The measurements we used also impose limitations. Unlike previous studies, we asked participants about their career considerations rather than their intentions. The two concepts seem intertwined but are somewhat different, thus making comparisons to studies using intentions or behaviors as attrition measurements difficult. In addition, as our focus was on subjective perceptions (for which considerations are relevant), comparisons between attrition rates in other studies and our data are problematic. Similarly, our results do not pertain to objective prevalence estimates of questionable research practices or supervisory actions. Even if our respondents’ reports could be considered objective estimates, one bad action could have been perceived and reported by multiple respondents. In addition, although we carefully selected the QRP items included in our study, we did not ask participants about their understanding of each item, nor their estimates of severity. These constraints affect both the generalizability of our results and the comparability with similar studies.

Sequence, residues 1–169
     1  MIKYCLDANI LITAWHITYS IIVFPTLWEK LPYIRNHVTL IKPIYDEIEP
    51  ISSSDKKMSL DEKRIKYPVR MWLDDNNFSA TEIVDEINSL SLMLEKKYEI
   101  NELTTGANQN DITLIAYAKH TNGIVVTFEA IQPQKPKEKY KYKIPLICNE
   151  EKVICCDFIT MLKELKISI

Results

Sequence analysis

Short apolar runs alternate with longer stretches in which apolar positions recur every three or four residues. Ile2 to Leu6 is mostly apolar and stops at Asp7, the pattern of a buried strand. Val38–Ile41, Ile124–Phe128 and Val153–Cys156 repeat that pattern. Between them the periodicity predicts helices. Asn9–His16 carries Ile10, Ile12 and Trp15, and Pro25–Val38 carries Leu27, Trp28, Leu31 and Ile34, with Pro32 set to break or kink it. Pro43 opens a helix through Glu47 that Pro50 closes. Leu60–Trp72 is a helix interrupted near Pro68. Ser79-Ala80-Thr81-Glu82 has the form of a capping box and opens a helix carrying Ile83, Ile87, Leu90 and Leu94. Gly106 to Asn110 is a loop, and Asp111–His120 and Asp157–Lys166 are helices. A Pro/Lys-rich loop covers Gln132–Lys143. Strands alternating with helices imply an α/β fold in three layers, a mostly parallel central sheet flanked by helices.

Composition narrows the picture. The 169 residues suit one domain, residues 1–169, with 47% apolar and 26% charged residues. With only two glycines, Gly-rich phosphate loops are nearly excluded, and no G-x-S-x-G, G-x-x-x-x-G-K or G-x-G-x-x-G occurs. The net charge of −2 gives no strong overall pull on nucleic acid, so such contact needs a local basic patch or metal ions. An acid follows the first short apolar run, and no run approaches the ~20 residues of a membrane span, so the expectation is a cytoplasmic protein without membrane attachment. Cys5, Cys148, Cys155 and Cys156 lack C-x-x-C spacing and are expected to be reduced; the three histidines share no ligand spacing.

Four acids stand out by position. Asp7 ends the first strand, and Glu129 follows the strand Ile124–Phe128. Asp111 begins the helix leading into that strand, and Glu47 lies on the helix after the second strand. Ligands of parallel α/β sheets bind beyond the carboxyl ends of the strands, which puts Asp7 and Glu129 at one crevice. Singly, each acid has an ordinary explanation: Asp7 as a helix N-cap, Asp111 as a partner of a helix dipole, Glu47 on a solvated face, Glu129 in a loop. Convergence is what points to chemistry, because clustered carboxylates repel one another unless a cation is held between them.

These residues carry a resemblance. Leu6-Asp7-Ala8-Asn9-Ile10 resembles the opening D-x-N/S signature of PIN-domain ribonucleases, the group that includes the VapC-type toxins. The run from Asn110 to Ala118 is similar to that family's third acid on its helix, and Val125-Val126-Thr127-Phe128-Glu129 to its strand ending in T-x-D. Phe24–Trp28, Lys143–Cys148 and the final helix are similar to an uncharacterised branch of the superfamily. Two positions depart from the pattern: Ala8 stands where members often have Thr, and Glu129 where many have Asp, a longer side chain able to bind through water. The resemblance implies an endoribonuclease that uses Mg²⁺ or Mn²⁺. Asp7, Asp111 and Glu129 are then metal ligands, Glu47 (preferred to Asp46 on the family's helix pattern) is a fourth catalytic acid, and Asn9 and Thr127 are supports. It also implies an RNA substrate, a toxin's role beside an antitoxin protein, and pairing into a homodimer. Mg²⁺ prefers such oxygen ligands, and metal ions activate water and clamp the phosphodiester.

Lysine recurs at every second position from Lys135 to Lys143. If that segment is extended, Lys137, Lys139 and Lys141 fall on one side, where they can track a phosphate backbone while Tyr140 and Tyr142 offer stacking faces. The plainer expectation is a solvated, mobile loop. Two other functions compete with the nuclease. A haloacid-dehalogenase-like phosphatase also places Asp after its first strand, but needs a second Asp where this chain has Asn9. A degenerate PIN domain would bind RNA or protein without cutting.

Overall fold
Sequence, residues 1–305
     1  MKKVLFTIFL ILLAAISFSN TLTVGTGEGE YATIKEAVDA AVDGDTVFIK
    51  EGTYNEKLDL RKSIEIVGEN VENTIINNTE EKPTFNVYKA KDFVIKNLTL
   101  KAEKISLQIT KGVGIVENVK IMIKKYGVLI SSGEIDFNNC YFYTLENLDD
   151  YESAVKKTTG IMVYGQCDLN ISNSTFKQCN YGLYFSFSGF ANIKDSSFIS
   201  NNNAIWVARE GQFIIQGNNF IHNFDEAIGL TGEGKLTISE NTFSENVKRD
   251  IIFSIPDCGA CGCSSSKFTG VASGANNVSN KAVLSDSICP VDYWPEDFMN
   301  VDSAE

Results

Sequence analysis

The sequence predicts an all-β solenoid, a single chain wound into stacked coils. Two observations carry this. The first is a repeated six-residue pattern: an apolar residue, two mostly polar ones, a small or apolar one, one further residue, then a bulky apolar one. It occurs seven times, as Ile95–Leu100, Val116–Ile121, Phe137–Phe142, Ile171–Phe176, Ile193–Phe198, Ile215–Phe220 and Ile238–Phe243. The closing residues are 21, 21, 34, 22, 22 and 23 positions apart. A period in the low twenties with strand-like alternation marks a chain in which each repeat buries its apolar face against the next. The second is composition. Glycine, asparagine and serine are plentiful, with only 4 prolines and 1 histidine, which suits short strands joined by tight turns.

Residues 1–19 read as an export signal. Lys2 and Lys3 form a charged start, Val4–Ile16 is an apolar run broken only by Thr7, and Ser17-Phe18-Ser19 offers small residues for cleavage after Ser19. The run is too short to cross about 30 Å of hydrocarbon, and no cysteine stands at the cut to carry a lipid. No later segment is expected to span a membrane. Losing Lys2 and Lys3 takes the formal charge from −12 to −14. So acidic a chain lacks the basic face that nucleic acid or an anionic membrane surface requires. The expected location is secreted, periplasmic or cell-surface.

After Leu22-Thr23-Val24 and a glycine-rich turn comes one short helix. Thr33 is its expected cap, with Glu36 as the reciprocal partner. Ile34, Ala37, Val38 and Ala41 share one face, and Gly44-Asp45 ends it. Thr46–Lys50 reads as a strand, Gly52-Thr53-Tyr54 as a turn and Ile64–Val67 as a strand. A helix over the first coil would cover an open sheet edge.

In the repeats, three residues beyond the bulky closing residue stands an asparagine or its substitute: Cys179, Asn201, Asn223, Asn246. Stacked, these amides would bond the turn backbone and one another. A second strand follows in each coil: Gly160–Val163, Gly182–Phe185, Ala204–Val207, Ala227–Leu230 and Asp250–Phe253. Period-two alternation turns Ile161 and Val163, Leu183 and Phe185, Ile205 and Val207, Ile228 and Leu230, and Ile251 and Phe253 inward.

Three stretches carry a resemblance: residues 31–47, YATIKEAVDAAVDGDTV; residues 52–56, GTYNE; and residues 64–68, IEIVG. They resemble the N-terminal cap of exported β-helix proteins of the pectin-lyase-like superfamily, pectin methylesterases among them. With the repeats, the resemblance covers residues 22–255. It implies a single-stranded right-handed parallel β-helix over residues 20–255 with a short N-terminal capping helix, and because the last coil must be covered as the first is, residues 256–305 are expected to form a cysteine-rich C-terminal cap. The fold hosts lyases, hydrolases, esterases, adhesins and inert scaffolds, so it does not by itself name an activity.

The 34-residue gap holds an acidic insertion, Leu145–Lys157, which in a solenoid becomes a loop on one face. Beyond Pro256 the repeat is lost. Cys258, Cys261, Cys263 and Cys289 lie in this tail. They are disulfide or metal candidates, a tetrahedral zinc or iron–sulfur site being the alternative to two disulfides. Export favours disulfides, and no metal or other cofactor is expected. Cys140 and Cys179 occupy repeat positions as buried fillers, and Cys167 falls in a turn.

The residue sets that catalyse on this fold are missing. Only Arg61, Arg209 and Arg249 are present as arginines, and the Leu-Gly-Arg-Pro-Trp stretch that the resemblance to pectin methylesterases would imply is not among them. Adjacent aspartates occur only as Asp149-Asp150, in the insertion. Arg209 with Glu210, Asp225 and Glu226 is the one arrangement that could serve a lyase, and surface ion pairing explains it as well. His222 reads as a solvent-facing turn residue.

The correlations observed in our dataset do not allow for claims about causality. On the one hand, the fact that barriers and facilitators of research climates had strong inter-correlations with questionable (supervisory) practices and attrition or leave considerations could mean that bad experiences are more likely to occur in poor research climates. The opposite is also plausible, in that bad research climates lead to a deterioration of individual behaviors. From this perspective, better practices could improve research climates, or research climates could facilitate better practices. On the other hand, these correlations could also be attributed to common method biases. A range of potential causes such as social desirability, common rater effects, or participants’ biased mood could strengthen or weaken the correlations between measurements [58]. For example, good impressions of a supervisor might make participants blind to the transgressions the supervisor performs. Bad experiences might in turn curtail all the positive characteristics of the immediate environment. We recommend that future researchers examine the causality and then to what extent these experiences influence attrition considerations.